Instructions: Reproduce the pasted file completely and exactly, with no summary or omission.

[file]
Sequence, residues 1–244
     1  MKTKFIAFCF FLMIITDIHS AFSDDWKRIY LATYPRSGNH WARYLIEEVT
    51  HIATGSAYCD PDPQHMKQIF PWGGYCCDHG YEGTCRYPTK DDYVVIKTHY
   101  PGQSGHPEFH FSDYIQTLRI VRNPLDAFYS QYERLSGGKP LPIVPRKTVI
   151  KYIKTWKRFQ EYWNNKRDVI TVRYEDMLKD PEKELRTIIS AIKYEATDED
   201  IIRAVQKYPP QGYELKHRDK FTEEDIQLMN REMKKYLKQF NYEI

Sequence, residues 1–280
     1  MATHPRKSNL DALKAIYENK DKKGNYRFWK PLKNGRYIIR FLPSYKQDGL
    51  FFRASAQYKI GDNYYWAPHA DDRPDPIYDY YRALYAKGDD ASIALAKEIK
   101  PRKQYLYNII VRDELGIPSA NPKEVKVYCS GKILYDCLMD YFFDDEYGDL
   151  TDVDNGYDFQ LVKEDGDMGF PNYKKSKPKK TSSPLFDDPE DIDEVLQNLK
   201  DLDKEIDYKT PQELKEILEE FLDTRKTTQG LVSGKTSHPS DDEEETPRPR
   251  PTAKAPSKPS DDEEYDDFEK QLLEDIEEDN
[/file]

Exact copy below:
Sequence, residues 1–244
     1  MKTKFIAFCF FLMIITDIHS AFSDDWKRIY LATYPRSGNH WARYLIEEVT
    51  HIATGSAYCD PDPQHMKQIF PWGGYCCDHG YEGTCRYPTK DDYVVIKTHY
   101  PGQSGHPEFH FSDYIQTLRI VRNPLDAFYS QYERLSGGKP LPIVPRKTVI
   151  KYIKTWKRFQ EYWNNKRDVI TVRYEDMLKD PEKELRTIIS AIKYEATDED
   201  IIRAVQKYPP QGYELKHRDK FTEEDIQLMN REMKKYLKQF NYEI

Sequence, residues 1–280
     1  MATHPRKSNL DALKAIYENK DKKGNYRFWK PLKNGRYIIR FLPSYKQDGL
    51  FFRASAQYKI GDNYYWAPHA DDRPDPIYDY YRALYAKGDD ASIALAKEIK
   101  PRKQYLYNII VRDELGIPSA NPKEVKVYCS GKILYDCLMD YFFDDEYGDL
   151  TDVDNGYDFQ LVKEDGDMGF PNYKKSKPKK TSSPLFDDPE DIDEVLQNLK
   201  DLDKEIDYKT PQELKEILEE FLDTRKTTQG LVSGKTSHPS DDEEETPRPR
   251  PTAKAPSKPS DDEEYDDFEK QLLEDIEEDN